What then, about the washing? About the being “made clean”? It is one of the supreme and beautiful ironies of God’s providence and of the Christian faith, that baptism (an act necessarily involving water) as St Paul teaches us, is an immersion into Christ’s death. You don’t tend to hear that preached at christening services! But it is absolutely central. Our baptism is our being made clean through our proximity to the uniquely revivifying act of Christ’s death and resurrection. The deep waters of death and the new waters of life gushing together as one. That is the only washing we need, and because it is the only washing we need, it can be done only once: the unrepeatability of baptism is because it is firstly something God does, rather than we do. The shocking thing is that in this sense we are not in charge of our own cleanliness, our own “rightness” before God. Rather we are enfolded into God’s holiness, by his action in our baptism, and at that, for eternity.
What, then, of sin? Do we not need to be concerned about how we act, about, when necessary holding others to account? Jesus’ teaching hardly ducks the point. He tells his listeners, “there is nothing outside a person that by going in can defile, but the things that come out are what defile.” This teaching helps to remind us of what sin is. Sin is not fundamentally something we nibble at – deciding to take a bite here and there – the overripe image of the apple on the tree in the mythical garden of Eden has perhaps encouraged us too readily to think in this way. Creation, though entirely willed by God, redeemed and destined for glory, is also fallen. I remember an Irish priest friend who recalled hearing confessions in a rural parish many years ago, when a person came into the confessional and said, “Bless me Father for I have sinned. I have no sins.” But the problem is, we do. It’s not just the little selfish actions, the occasional jealousies. It’s a little more fundamental than this. Our hearts, a lot of the time, are not in perfect relationship with the light of Christ. To commit sin isn’t just actively doing something wrong, or selfish, or violent – sin is often more nebulous than this: Martin Luther, in the sixteenth century coined the remarkable definition of sin as incurvatus in se est. Literally, a double-turning-in on oneself. A turning in so thoroughly that selfishness, self-obsession, dim regard for God or other people, or even for oneself, become the pattern. These mis-shapings of life and time come from the heart because humanity is fallen, even in a world where the Eternal Word constantly calls us to life. We’re all prone to these mis-shapings – mostly not in an extreme way, but prone to them we are. The poet John Donne understands this so well, as he writes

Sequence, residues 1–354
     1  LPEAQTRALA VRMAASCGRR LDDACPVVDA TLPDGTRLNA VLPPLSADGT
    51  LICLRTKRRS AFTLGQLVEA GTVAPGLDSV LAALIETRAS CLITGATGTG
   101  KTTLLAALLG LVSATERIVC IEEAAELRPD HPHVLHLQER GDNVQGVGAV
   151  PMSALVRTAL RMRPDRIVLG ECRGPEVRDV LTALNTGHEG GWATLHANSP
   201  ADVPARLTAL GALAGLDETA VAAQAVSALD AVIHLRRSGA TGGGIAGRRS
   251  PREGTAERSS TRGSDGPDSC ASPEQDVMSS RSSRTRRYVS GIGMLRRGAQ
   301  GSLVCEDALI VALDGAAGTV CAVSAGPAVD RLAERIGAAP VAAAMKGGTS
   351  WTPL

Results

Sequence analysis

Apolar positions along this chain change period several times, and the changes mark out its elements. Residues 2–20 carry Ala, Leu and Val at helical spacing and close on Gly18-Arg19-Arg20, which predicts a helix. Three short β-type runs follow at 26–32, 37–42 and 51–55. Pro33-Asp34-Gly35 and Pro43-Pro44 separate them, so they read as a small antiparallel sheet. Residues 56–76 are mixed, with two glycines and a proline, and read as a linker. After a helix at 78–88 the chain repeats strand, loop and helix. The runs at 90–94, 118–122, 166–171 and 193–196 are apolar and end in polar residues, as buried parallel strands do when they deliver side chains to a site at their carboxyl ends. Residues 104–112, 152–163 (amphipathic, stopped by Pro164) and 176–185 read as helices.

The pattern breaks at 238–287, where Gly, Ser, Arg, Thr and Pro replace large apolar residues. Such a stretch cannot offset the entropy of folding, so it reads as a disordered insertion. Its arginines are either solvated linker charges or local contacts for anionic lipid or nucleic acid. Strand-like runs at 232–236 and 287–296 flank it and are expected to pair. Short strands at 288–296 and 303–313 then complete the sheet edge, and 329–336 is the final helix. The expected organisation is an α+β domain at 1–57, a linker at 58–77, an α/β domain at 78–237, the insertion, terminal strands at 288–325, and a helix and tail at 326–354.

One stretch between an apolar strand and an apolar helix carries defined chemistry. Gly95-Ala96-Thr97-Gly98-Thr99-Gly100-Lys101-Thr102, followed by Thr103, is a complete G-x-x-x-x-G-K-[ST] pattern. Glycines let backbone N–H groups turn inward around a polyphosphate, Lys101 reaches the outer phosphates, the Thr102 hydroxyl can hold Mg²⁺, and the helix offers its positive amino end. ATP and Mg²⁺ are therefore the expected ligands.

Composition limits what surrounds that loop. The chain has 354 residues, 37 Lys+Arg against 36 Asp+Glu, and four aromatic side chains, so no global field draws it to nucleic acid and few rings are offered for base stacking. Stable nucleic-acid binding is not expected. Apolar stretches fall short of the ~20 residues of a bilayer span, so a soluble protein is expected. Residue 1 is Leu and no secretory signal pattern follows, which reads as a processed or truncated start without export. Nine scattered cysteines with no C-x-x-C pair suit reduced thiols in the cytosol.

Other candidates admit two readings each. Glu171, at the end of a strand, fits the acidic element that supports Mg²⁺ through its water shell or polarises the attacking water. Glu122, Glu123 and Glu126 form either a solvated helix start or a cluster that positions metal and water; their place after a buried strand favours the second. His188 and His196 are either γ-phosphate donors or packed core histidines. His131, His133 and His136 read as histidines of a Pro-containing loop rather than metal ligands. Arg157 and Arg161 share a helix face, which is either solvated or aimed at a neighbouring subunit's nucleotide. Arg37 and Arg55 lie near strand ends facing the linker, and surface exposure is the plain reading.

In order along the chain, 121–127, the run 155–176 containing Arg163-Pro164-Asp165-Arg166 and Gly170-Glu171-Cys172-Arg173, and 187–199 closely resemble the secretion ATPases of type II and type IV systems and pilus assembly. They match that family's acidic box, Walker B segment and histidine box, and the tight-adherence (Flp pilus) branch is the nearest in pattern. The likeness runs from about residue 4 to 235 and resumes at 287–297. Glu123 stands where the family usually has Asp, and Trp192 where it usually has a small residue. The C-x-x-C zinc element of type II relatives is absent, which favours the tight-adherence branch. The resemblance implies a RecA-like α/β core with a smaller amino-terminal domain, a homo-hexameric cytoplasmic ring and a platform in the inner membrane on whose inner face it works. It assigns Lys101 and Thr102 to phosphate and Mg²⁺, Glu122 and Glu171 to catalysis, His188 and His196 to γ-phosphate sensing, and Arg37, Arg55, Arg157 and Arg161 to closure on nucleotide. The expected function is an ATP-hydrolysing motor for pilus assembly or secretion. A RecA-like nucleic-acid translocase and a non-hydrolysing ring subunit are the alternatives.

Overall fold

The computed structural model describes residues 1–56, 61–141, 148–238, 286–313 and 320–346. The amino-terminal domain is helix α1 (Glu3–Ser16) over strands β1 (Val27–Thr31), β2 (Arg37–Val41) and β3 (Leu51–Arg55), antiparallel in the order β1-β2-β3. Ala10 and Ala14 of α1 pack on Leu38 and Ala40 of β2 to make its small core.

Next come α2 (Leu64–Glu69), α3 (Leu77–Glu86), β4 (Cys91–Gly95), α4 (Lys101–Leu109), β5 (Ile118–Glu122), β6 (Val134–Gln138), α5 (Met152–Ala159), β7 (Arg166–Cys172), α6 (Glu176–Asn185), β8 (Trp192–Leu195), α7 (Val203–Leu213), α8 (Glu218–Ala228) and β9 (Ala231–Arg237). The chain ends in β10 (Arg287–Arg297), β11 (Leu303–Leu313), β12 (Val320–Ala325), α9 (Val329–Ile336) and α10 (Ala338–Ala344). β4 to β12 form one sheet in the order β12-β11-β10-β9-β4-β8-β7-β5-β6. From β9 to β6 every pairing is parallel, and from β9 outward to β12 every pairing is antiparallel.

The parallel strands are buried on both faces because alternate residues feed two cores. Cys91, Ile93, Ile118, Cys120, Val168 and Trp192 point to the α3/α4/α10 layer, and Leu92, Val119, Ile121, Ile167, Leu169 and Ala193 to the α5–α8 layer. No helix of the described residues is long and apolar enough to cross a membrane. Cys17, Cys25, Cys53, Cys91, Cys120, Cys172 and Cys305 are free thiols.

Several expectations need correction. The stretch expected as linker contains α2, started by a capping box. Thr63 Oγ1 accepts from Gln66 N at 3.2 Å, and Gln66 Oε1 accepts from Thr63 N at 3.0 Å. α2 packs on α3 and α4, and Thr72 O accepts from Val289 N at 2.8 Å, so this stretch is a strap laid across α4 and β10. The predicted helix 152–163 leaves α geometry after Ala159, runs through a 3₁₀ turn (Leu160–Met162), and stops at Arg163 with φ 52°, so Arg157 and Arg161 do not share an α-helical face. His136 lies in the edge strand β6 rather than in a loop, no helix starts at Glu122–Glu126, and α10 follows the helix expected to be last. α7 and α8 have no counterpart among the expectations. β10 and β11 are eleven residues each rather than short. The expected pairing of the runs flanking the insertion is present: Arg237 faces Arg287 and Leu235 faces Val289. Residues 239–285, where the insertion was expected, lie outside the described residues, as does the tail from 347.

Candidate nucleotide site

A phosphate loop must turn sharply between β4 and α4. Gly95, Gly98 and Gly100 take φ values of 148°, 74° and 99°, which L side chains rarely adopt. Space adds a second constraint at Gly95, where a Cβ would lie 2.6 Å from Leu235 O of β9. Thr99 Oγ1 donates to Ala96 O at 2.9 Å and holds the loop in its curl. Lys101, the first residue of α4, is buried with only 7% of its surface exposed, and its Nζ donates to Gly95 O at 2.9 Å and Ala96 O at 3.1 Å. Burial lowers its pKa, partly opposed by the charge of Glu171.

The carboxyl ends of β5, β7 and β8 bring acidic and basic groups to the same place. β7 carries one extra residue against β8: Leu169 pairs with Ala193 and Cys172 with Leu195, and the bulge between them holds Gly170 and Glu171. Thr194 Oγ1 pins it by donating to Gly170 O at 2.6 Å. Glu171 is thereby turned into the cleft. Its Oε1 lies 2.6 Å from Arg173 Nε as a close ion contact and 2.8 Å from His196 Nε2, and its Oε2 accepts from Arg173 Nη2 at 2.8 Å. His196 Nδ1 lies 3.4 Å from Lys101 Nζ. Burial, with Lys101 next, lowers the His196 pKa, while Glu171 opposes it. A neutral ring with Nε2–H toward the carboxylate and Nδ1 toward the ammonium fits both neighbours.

“Batter my heart three person’d God, for, you
As yet but knocke, breathe, shine, and seeke to mend;
That I may rise, and stand, o'erthrowmee,'and bend
Your force, to breake, blowe, burn and make me new.
So, dealing with this, becomes about how we allow God to wrestle with the problem, and to shape our hearts. And that brings us back to baptism, back to the Cross. The human heart is something out of which such beautiful goodness, such wonder , such liberty can come – but it needs refurbishing with the love of Christ if it is to reach that real potential. It needs to know the power of the death and resurrection of Christ in baptism, to be sustained by this power in the Eucharist, to be stretched and exercised regularly in patterns of self-giving, un-selfish love and peace.
We’re not often worried now about pots and pans, cups, bronze kettles. But all our own moralising about other people, other lifestyles, can be a very useful avoidance tactic to avoid concentrating on our own hearts, on those patterns which need the subtle but genuine redemption offered by the outcast criminal, the God-man, hanging on the cross, outside the city walls.